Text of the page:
Surviving Your First Overseas Flight

Surviving Your First Overseas Flight
Surviving Your First Overseas Flight

The big day has arrived – a holiday in a far away foreign country. You are all packed and ready to go. You have your passport, plane ticket, and some way to pay for your next few weeks. You are nervous an anxious and ready to go. Here are a few pointers to make your long flight a little more pleasant.

Before you go.

Pack as light as possible. You should have no more than two suitcases and one carry-on. If you are going to a tropical climate it will be even easier packing shorts and T-shirts. And, you can always pick up some new clothes at your destination.

Ensure that you have all of your medications and copies of your prescriptions. Check on the latest rules for carrying liquids in your carry-on. The rules and regulations change with the weather – so keep current.

Re-confirm your flight. My last trip was almost delayed by a day or two as a typhoon hit Taiwan and my flight from Hawaii was going through Taipei. I scrambled and got my flight changed to one that went through Tokyo, Japan and managed to get to Thailand as scheduled. I didn’t check ahead of time and fortunately was able to get on a different flight. I learned my lesson. While re-confirming, get your seat assignment. I prefer exit rows for more legroom.

Double check that you have everything. I use a checklist and check it 2 or 3 times before I go. Really make sure that you have your passport, tickets and some way to pay – cash, ATM card, credit card or traveler’s checks. A combination is a good way to make sure that you have alternative means of paying. If you are going to a country that has its own currency, plan to exchange a day or two’s worth at the destination airport. Don’t change money in your home country – you will get a terrible rate.

At your home airport

Plan to get to your airport about 3 hours ahead of your flight departure. Check-in and security lines can be long and slow. Have your travel documents ready to show wherever you go. Again, check on the rules for what you can bring with your on the flight – especially in your carry-on.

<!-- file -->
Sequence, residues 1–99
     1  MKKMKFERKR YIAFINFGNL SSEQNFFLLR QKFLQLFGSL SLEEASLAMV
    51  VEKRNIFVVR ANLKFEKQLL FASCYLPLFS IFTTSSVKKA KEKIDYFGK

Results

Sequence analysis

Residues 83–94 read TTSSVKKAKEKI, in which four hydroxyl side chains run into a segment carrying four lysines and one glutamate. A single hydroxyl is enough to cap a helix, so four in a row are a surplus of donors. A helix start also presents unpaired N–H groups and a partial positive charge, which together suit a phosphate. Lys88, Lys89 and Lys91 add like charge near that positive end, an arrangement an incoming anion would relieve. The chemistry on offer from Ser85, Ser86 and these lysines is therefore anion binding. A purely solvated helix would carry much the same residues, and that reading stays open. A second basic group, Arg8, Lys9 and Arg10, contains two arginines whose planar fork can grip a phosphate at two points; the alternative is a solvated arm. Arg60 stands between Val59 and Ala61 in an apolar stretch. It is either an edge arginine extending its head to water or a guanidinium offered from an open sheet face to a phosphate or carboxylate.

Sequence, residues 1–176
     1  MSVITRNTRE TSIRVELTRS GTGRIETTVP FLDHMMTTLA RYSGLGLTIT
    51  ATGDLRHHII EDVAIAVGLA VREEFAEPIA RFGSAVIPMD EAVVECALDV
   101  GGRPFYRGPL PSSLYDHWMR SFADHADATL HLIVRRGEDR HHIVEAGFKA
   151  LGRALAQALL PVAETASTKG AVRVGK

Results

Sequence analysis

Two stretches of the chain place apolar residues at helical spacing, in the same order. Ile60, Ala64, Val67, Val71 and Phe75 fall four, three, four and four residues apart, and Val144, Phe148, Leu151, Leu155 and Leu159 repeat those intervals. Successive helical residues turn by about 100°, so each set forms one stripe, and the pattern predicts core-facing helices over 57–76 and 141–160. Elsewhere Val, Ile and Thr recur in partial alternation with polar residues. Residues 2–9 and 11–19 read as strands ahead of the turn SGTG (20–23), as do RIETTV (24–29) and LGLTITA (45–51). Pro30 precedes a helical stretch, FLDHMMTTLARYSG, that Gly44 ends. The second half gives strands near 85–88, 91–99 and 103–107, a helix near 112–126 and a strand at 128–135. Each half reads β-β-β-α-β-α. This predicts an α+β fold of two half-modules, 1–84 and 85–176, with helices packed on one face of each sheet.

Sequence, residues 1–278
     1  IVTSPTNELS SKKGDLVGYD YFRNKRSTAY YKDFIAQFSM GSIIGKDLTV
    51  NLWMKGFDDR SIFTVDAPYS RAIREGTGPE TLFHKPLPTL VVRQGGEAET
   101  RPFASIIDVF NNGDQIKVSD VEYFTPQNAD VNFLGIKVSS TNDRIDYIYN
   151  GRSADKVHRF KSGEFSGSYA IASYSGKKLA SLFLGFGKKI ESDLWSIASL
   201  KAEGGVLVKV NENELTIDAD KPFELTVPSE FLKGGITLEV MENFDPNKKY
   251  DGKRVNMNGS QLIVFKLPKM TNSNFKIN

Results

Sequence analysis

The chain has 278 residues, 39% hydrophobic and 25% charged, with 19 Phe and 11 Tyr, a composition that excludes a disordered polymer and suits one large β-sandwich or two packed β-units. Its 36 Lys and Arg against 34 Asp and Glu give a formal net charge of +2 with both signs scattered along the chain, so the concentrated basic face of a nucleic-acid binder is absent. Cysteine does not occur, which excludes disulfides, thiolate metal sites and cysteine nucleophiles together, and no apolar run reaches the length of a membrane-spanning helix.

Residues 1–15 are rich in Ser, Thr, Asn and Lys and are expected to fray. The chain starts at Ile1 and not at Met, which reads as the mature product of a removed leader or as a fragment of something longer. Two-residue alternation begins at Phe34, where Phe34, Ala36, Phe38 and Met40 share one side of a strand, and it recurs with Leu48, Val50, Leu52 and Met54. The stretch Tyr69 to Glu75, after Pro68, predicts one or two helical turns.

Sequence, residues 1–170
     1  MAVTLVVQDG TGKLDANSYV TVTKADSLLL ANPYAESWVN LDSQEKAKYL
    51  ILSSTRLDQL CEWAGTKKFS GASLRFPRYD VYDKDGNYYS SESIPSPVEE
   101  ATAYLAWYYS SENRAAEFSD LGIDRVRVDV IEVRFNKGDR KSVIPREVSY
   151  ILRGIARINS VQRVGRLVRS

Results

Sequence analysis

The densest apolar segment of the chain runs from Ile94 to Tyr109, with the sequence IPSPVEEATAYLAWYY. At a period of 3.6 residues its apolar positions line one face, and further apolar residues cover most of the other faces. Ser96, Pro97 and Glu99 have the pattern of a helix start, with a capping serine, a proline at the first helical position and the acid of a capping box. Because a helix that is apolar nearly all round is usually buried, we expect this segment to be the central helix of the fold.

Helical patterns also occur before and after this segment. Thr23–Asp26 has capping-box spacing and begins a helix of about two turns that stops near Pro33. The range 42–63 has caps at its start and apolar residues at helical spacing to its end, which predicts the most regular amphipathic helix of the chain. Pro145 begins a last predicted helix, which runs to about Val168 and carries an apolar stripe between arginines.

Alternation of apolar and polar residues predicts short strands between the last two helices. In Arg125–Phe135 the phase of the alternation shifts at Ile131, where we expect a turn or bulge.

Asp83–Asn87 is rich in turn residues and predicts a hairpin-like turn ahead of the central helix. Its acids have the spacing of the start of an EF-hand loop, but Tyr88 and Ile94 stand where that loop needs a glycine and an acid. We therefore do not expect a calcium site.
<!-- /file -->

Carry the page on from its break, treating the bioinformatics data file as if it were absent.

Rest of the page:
I always eat at the airport before I fly. Things have gotten better and cheaper at airports and I prefer to have a meal in me and not rely on the airline food. I also bring some trail mix with me to munch on during the flight.

Take advantage of the duty free shops. Get your booze, cigarettes and other goodies for tax-free prices. Check the limitations at your destination country before you buy 6 bottles of whiskey and find out you are only allowed to bring in one. Also check to see if you can carry liquids on flights that have a layover or two. You may have to make your purchase at the layover before your last leg.

You can kill time playing with any electronic toys you own. Wireless access is usually available in the airports so you can check email and surf. You can also listen to some music if you have an Ipod of something similar. Wireless can be found in most airports right outside the Airline lounges. You don’t have to be a member to sit outside and tap into their unsecured network.

On the flight

Try to relax and sleep as much as possible. The time zone changes and jet lag will be lessened. Avoid alcohol and drink plenty of water, especially on longer flights. Dehydration comes easily on long flights in dry cabin air. You can drink booze when you arrive.

Read and watch a movie to kill time. Do some of the puzzles in the on-board magazines. Keep busy as much as possible. Have some mints and gum to alleviate the air pressure during take-off and landing.

I usually avoid the main course of the airline food. I do eat the salad, bread and dessert. The main meal is rarely edible. This is why I eat before I go and eat my own snacks.

You will have to fill out a customs declaration form on the plane to turn in to the Custom’s officer. Do this on the plane and stick it with your passport.

Arrival

Head out of the plane as quickly as possible. You and everyone else will have to go through Immigration/Customs – so the race is on. Hopefully, you were given instructions before deplaning. If not, just follow the signs. Don’t stop to smoke or use the bathroom. Get in the shortest line and have your passport ready. Keep a copy of your boarding pass with you, just in case.

Be pleasant and polite to the Custom’s officer, get your passport stamped, turn in your customs declaration, and head for the luggage carousels. Make sure you have your own luggage and find the currency exchange.

Change enough money to last you a day or two. ATMs are conveniently located around the world, so a debit card is the easiest way to get local currency. It can be a little more risky using a credit card. Get your money and head for the exit.

Find the taxi or bus line and head to your hotel. You made it! Now, enjoy your vacation.